It’s fairly easy for the television industry to downplay morality in the messaging of it’s programs. To endorse a God, a religion, or even a moral based belief system directly or indirectly, tends to be politically incorrect and often leads to more backlash than support.
However, Breaking Bad undoubtedly expresses the traditional Christian value: that none of us are inescapable from our sins and that we all have to pay a price, regardless of our situations.
The background of the show is very complex & dark. Walter, the main character of the show, is an overqualified high school chemistry teacher, who falls into a series of unfortunate events. Formerly the nice guy that we see him to be in the show’s flashbacks, we quickly notice that he is willing to change and challenge everything, including his own morality to provide what’s necessary. After Walter finds out he has terminal cancer and an unexpected pregnancy on his hands, he untraditionally turns to cooking methamphetamine in order to pay the bills.
Which poses significant moral questions, one of them being: What would you do to keep yourself and those you that you love in a position to survive? By helping others with our sin, can there be justification for such actions? The answer that the television shows us is that when necessary, all possibilities are open, but none without consequences. However, to follow the possible opportunity of cooking methamphetamine to provide for his family, it’s obvious Walter suffers with one serious moral question: be the bad guy, or the good guy? He struggles with this throughout the show, increasing the gap between the good of his character and the evil of his character. No longer the same man, he begins to wear two different hats (each are fedoras). We see this when he falls so far into his sin that his own self convincing of his crime causes him to say “I’m not in the drug business, I’m in the empire business.” When someone attempts to confront him.
As the show progresses, Walter’s character becomes stronger, believes himself to be more invincible, more justified, just like the sinner who becomes more blinded by his sin the deeper he falls into it. However the deeper he goes, it becomes more obvious that he cannot escape his sins as a man and that ultimately there is a final judgement. The judgement being not by the DEA or by other law enforcement, but a higher judgement, a spiritual one.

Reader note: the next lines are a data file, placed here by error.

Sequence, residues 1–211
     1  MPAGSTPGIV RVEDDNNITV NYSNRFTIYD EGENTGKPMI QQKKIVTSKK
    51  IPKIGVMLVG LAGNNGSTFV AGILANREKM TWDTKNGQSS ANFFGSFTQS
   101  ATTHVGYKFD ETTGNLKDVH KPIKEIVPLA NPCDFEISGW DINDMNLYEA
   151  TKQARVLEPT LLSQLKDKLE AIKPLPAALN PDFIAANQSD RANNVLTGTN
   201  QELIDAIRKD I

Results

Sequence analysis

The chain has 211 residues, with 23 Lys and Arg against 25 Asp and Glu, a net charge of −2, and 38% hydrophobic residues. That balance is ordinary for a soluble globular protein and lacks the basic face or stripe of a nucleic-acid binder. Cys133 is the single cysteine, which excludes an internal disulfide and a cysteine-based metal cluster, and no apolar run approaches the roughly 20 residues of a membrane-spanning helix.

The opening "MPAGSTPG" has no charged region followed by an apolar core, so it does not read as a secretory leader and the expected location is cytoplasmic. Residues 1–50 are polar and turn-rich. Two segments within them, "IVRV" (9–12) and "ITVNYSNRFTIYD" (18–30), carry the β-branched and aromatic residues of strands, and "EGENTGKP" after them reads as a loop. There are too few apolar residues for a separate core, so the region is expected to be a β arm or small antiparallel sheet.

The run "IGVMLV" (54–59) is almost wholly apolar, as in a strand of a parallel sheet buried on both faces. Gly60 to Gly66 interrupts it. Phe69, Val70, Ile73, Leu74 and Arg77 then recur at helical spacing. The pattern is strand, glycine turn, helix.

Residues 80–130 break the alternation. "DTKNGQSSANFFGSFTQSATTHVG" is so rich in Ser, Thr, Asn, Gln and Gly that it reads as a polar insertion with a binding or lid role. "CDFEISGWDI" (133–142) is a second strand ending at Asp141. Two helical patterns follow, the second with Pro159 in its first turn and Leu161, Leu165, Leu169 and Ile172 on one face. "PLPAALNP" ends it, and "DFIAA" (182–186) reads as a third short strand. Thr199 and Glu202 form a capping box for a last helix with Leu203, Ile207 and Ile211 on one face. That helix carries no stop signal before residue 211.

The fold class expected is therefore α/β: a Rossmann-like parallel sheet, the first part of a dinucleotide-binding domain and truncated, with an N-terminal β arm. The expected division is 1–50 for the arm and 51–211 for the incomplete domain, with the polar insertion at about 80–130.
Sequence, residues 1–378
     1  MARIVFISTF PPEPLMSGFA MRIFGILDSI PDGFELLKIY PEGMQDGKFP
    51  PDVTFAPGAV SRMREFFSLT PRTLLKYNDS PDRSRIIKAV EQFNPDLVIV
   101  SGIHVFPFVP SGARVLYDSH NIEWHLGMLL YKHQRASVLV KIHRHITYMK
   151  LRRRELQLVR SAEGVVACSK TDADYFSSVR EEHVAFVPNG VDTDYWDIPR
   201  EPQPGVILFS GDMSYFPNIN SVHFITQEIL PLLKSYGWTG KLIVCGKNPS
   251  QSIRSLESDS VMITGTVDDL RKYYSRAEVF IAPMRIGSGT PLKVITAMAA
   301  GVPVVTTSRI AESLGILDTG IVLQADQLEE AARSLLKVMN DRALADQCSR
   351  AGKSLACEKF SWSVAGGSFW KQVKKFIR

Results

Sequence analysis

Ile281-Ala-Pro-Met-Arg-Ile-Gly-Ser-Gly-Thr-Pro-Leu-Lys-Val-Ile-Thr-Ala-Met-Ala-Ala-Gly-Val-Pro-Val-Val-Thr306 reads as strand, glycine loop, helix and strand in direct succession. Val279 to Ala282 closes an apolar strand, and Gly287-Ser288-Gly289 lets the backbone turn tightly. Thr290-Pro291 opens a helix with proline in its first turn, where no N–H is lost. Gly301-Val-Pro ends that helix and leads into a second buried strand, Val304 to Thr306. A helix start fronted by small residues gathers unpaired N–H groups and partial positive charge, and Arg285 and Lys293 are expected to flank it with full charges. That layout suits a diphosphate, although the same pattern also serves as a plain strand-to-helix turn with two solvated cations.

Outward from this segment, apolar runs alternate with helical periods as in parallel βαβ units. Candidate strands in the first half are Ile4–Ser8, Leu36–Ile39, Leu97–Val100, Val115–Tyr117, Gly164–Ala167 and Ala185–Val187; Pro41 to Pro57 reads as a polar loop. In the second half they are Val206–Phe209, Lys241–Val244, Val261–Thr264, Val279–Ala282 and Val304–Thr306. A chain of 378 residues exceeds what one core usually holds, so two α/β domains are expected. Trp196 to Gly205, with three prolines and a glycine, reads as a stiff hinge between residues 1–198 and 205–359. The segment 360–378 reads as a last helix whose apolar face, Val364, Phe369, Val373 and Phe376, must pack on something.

Ultimately, the show shows us that we are all accountable for our actions…and the producers have no problem making sure that the characters of the show sit in their own judgement episode after episode.
The show’s apparent and indirect presentation of the Old Testament, is largely hidden, until it comes out in a full frontal assault in the character of Jesse, Walt’s partner. Jesse cannot deal with his sin and recognizes that he simply can’t take inventory of his crimes and move on, there must be something more and that the source of this ‘more’ is what is causing him to feel guilty and broken. For him not to feel guilty, or any guilt at all, would remove the entire concept of a higher judgement from the show. However, the writers clearly put that in there to imply a higher form of judgement. The show’s writers have created a graceless universe, in which Jesse is forced to wallow in and endure through until his number is called.
The last and most important philosophical aspect of Breaking Bad is the obvious embracement of the philosophy of Martin Heidegger, a German Philosopher, who prided himself as one of the founding thinkers in the existentialist category of what it meant “to be.”
Heidegger was of the philosophy that we are all taking one step closer to death everyday,that we are dots on the timeline and that every step takes us a little bit closer to our own end. We see this both in the timeline style of the show as well as the quick and tragic events that fill it’s script. The most obvious part being that all of the characters get a little bit closer to their own destruction as the show progresses.
If this is the case, that we are all flying closer towards death with each and every day, and that we are all accountable for our actions in some spiritual form, shouldn’t we embrace every opportunity to cleanse ourselves from our wrong doings before an inevitable judgement from a higher being? The answer is a clear yes and the show, despite its graphic content, does just that of being an indirect yet, a critical messaging tool for the cause of Christ and his redemptive love.